It’s not me, it’s you! Should it matter who is to blame when a marriage breaks down?
The family law community has reacted with shock to a recent Court of Appeal judgement upholding an earlier court decision that refused to grant Mrs Owens a divorce despite a hostile and protracted court case.
The highly unusual case involving a multimillionaire mushroom farmer and his wife centred around Mrs Owens’ claim that her husband had behaved unreasonably. Mr Owens defended the divorce petition, arguing that he was still hopeful for reconciliation, and the appeal court judge ruled the proceedings had not proved him to have behaved unreasonably.
Family law in England and Wales is beginning to look very outdated: unless a separating couple agrees to wait two years or more to finalise their divorce, the courts require one party to assume blame for the relationship breakdown. In practice, however, courts are rarely required to determine whether allegations of adultery or unreasonable behaviour can be proved – most divorce respondents do not seek to defend the proceedings thereby denying their spouse the divorce they desire – and as an experienced family lawyer, I usually encounter a fair amount of co-operation amongst solicitors and clients. For the most part, everyone involved works hard to facilitate an agreed settlement even if the official reasons given for requesting a divorce are not the real cause of the breakdown and, in some cases, not even factually correct.
In light of Mrs Owens’ unsuccessful appeal, however, research published by the Nuffield Foundation into how current divorce laws work makes interesting reading. In her interim report, Professor Liz Trinder, from the University of Exeter’s law school, reports that most divorces are fault-based and that this approach sometimes results in proceedings taking as little time as three months. Her work confirms that many divorce petitions are not necessarily accurate records of what or who caused the breakdown of the marriage, rather they are often based on compromise statements designed to minimise conflict and upset and, in some cases, reflect an unashamedly blinkered perspective of what went wrong with the marriage. The Nuffield findings go on to observe that courts take petitions at face value and cannot currently test whether their allegations are true or not unless respondents file a formal reply and pay a fee to defend the petition, while very few petitions are rejected on substantive legal grounds whether or not they are deemed to be true.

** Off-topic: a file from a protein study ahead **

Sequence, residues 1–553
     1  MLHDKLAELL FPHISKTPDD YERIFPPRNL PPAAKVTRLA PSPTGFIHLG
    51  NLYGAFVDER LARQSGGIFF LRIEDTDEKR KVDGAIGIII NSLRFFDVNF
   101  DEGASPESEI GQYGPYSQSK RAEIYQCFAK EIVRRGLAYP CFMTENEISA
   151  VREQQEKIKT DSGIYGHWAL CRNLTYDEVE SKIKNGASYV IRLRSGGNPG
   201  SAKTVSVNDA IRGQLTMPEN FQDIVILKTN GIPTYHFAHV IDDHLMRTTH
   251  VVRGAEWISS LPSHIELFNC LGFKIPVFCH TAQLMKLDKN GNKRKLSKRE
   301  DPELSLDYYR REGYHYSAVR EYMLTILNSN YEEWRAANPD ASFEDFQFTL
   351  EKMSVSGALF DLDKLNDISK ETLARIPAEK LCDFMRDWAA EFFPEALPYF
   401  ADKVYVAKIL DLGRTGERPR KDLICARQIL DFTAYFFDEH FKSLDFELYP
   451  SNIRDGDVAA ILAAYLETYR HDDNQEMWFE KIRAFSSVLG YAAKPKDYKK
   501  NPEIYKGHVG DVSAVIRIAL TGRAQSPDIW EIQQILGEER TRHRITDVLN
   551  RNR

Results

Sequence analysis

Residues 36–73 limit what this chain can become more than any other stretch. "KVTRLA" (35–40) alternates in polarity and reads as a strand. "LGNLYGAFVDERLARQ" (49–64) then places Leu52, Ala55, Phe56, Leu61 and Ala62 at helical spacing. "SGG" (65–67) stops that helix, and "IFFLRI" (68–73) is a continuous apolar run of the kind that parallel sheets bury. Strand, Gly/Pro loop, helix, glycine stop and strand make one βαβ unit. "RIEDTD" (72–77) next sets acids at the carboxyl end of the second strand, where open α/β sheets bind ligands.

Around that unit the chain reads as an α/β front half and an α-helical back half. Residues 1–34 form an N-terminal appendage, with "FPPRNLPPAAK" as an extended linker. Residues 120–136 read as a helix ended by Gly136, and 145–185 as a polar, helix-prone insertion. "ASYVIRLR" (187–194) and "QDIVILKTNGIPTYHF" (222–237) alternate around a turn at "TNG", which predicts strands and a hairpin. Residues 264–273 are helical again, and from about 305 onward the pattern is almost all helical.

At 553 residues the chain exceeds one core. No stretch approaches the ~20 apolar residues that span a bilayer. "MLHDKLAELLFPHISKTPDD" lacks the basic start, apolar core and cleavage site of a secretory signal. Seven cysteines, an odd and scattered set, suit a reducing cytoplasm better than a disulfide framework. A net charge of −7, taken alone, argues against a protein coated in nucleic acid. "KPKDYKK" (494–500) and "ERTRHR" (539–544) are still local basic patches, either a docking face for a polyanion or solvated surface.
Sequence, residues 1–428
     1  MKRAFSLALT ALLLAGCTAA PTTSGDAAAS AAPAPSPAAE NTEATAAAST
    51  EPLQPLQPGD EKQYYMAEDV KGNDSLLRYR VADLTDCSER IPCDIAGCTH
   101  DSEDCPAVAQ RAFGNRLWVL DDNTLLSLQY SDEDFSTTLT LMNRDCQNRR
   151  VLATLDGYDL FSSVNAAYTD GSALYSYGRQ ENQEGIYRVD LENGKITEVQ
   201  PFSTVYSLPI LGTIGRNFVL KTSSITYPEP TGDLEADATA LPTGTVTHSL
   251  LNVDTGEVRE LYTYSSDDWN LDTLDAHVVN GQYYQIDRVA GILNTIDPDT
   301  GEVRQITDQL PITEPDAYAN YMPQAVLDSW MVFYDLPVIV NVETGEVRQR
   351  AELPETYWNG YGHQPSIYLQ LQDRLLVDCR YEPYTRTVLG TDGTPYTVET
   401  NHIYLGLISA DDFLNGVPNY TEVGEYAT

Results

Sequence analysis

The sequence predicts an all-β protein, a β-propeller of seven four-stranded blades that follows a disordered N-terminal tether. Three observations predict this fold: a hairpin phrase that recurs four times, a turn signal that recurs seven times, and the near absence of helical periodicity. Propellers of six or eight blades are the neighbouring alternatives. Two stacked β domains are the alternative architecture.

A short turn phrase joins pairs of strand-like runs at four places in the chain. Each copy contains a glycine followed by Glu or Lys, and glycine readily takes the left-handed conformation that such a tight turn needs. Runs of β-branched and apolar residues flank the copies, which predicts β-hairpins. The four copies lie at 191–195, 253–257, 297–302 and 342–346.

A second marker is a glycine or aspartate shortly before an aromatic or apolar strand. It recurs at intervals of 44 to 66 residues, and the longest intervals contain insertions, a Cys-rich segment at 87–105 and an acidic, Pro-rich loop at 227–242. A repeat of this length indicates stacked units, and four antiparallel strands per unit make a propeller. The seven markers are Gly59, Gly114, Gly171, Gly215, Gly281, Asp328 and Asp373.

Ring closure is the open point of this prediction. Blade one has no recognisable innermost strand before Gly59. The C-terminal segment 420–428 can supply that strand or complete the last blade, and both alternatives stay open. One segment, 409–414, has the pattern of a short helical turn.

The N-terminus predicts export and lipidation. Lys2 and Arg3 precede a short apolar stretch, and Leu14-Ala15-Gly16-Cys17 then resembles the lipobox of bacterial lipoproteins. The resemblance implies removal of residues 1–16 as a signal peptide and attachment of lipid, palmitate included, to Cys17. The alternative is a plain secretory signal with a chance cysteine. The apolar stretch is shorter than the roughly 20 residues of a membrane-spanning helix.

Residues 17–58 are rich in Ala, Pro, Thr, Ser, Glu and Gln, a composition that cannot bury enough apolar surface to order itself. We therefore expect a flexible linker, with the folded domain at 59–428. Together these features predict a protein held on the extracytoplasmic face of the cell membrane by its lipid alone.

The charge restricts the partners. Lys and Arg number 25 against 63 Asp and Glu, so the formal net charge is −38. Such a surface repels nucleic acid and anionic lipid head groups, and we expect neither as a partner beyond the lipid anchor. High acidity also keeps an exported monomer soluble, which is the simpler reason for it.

Professor Trinder accepts that, in reality, our system already provides divorce by consent or on demand, albeit masked by an often painful and sometimes destructive legal ritual.
But she also concludes that by apportioning blame our current system of establishing fault can create or exacerbate conflict and this is likely to disrupt negotiations about children or finances, areas where the law expects the divorcing parties to work constructively together. Professor Trinder’s research so far has failed to find evidence that our current law protects marriage, and she concludes that divorce law reform is long overdue – a single system of notification of intent to divorce would be clearer, often more honest and, initially at least, neutral.
Only time will tell if, following the Owens case, undefended petitions come under closer scrutiny or indeed whether lawyers feel compelled in future to recite long and detailed examples of behaviour in a bid to guard against a respondent’s defence. Either way, Professor Trinder’s research on behalf of the Nuffield Foundation seems to support calls from the family lawyers’ organisation Resolution for the introduction of no-fault divorce in the courts of England and Wales.
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